Purdy’s 49ers beat Dallas and remain undefeated

They win merry matches with offensive feasts, but they also win in muddy and stalled duels. The San Francisco 49ers prevail in confrontations of all kinds of characteristics, and in all of them there is a common denominator: Brock Purdy. The quarterback chosen in last position of the last Draft (position 262 of the seventh round) has not yet known defeat since he took the reins of the Bahía team and there are already seven consecutive wins for Purdy as a starter, 12 in a row for the 49ers. The last victim of those from San Francisco were the Dallas Cowboys, who succumbed (19-12) in a duel in which they caused many problemsalthough Purdy and company ended up imposing their law to access the NFC Championship for the second consecutive year, in which they will visit Philadelphia to face the Eagles for a place in the Super Bowl.

San Francisco came from sweeping the Seattle Seahawks in the Wild Card, although the game they met in this Divisional round was completely different. Purdy, who has wowed the entire NFL in just two months with a story rarely seen in sports, it had yet to face a defense as demanding as the Cowboys’. The match took a while to pick up pace, because the game was being played in the trenches. The Dallas defensive line was initially snacking on the 49ers, totally ineffective and allowing them to constantly reach a Purdy who barely had time to execute. Also taking center stage was San Francisco’s defense, statistically the best in the league, with an early interception to Dak Prescott. The Cowboys played a lot at Levi’s Stadium in Santa Clara, because the last time they reached an NFC Championship was in 1995 (the year in which they won their fifth and last Super Bowl). Since then, they have accumulated 12 bitter playoff appearances.



The first points were put by San Francisco through a field goal, although the Cowboys’ response was immediate. Through 17 plays, the Dallas team got the first touchdown of the game. And, at the extra point, Brett Maher lived a drama again. The Texans kicker became a protagonist last week by missing four one-point conversions (playoff record), although the Cowboys bet on him again. However, in his first appearance, Maher took a very poor shot that was blocked. His face after a new mistake was a poem. The 49ers continued to score only three at a time, with the offensive line completely broken by the push of their rivals. Micah Parsons appeared all over the field, blowing up any run attempt or putting pressure on a Purdy who wasn’t capable of playing the game he felt comfortable with. Only one more interception to Prescott allowed the 49ers to go ahead at halftime (9-6), at which time the Cowboys received the bad news that their starting running back, Troy Pollard, would not return to the game due to injury.

Without being brilliant, San Francisco commanded on the scoreboard. Although Kyle Shanahan’s gave the feeling of playing with fire. On a Dallas punt, the 49ers special teams fumbled and allowed the Cowboys to tie the game thanks to a Brett Maher field goal that finally hit between the sticks. There was nervousness in some unrecognizable 49ers, although they finally managed to change the dynamic. The runs of Christian McCaffrey and Elijah Mitchell began to find holes thanks to an offensive line that stepped up. Purdy also appreciated it, as he began to have more time to find wide receivers. The first touchdown for those from the Bay did not come until the beginning of the fourth quarter, with McCaffrey finding the end zone to give air to his team. San Francisco’s ever-dutiful defense continued to limit the damage, and that’s when the 49ers fully reclaimed their identity. They chloroformed the game with an eight-minute possession in the final quarter, eating up the clock on running plays and demanding the Cowboys score a quick touchdown to force overtime.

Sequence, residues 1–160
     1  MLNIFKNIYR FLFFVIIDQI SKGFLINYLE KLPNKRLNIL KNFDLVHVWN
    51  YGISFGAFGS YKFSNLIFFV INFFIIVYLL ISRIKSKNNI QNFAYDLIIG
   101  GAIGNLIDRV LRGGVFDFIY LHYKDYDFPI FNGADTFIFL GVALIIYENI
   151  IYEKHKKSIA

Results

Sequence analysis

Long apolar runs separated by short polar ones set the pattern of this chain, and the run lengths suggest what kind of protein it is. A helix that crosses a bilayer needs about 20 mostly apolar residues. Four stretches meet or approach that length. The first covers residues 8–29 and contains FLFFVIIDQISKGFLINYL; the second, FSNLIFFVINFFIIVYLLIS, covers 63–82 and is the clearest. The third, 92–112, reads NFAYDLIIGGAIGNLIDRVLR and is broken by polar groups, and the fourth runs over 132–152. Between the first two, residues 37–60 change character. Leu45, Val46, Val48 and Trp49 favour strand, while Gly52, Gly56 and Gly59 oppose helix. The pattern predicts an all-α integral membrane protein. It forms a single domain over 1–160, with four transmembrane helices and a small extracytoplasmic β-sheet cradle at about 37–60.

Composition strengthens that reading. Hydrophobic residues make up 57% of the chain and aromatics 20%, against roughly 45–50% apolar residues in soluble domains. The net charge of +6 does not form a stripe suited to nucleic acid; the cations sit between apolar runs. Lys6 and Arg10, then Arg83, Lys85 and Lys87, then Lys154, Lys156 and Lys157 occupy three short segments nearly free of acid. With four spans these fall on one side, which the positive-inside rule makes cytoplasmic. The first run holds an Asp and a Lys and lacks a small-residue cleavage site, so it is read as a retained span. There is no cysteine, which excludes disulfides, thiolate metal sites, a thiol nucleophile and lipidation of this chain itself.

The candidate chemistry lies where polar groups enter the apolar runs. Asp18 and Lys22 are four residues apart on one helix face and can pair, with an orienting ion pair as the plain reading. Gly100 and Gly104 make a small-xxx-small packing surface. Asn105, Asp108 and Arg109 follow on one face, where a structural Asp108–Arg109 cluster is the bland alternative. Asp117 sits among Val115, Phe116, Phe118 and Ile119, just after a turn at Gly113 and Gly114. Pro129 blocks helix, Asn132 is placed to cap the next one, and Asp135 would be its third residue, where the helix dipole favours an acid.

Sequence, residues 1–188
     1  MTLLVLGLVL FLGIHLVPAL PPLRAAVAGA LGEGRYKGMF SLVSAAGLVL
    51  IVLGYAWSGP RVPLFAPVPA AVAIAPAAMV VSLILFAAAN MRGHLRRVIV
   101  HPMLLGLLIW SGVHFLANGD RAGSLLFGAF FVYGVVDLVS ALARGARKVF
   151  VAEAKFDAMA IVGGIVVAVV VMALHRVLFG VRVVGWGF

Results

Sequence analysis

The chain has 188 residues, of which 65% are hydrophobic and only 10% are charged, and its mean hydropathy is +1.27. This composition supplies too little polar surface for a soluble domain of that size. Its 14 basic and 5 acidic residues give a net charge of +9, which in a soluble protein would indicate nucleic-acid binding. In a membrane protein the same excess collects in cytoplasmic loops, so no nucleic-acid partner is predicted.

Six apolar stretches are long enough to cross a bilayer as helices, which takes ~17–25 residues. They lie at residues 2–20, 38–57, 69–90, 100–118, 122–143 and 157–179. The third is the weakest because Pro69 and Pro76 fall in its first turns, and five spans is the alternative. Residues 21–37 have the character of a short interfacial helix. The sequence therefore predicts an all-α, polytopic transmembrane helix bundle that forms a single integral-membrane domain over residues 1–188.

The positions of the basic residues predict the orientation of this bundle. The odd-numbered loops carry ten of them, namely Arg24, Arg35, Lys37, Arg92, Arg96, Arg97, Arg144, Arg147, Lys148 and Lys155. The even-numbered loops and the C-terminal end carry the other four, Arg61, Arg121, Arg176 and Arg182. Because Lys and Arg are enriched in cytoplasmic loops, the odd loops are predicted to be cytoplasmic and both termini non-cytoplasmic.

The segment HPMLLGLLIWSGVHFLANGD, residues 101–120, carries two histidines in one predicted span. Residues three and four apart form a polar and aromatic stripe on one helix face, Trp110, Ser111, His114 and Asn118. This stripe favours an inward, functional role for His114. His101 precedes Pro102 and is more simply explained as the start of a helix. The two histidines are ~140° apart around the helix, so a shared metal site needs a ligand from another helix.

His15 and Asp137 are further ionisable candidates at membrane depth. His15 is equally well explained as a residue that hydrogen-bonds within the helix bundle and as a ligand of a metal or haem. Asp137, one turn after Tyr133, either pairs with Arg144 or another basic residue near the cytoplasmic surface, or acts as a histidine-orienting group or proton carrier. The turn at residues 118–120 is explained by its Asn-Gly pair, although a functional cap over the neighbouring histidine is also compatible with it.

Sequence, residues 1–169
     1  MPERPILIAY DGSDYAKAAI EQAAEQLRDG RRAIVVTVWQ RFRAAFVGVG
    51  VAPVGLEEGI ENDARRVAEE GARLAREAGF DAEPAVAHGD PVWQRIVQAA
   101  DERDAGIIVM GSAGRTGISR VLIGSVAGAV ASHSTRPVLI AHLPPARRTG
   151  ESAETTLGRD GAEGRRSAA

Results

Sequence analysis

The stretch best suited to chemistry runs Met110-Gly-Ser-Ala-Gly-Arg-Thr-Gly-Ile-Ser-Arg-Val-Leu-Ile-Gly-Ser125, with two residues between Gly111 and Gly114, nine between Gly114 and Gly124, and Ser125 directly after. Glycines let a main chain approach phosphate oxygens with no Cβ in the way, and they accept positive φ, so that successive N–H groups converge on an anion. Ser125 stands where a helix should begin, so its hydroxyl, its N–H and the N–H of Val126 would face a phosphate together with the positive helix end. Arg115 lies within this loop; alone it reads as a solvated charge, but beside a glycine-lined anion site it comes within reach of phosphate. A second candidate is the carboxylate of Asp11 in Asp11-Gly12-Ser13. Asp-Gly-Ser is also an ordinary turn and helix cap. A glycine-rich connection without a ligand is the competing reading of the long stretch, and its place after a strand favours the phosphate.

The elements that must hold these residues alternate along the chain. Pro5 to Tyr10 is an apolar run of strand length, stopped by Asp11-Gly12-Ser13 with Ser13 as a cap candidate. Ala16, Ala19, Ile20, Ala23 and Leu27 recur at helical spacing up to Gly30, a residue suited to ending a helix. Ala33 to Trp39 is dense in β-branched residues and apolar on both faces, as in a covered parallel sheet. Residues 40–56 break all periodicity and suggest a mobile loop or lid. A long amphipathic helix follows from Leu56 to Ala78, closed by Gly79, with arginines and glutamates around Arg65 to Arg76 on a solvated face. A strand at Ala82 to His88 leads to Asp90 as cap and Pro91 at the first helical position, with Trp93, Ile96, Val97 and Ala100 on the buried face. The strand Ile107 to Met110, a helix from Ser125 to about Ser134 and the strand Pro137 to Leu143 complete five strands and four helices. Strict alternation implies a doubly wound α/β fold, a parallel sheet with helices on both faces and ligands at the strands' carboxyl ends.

Those from Dallas tried desperately, although without success and with questionable time management by coach Mike McCarthy. The 49ers once again showed that they also prevail in the mud, in the games that are decided in the trenches. Without giving its best version and having been in trouble for much of the game, San Francisco ended up imposing its law. They didn’t even need the best version of a Brock Purdy who went without a single touchdown for the first time in his short career, but who became the fifth rookie quarterback in history to win a Divisional round game. Very few teams, if any, could reach a Championship round with the third quarterback in their rotation after losing the top two to injury. But Brock Purdy is a player touched by a wand and, since he has set foot on an NFL pitch, he only knows one verb: win. The 49ers will be for the second consecutive year in the NFC Championship (three of the four teams alive repeat conference finals), a round in which they were knocked out last year by the Los Angeles Rams. This time they will travel to Philadelphia, where the Eagles will propose a game similar to the one the Cowboys played last night. But these 49ers handle themselves like a charm in any context, and Purdy doesn’t intend to wake up from the dream he’s living.

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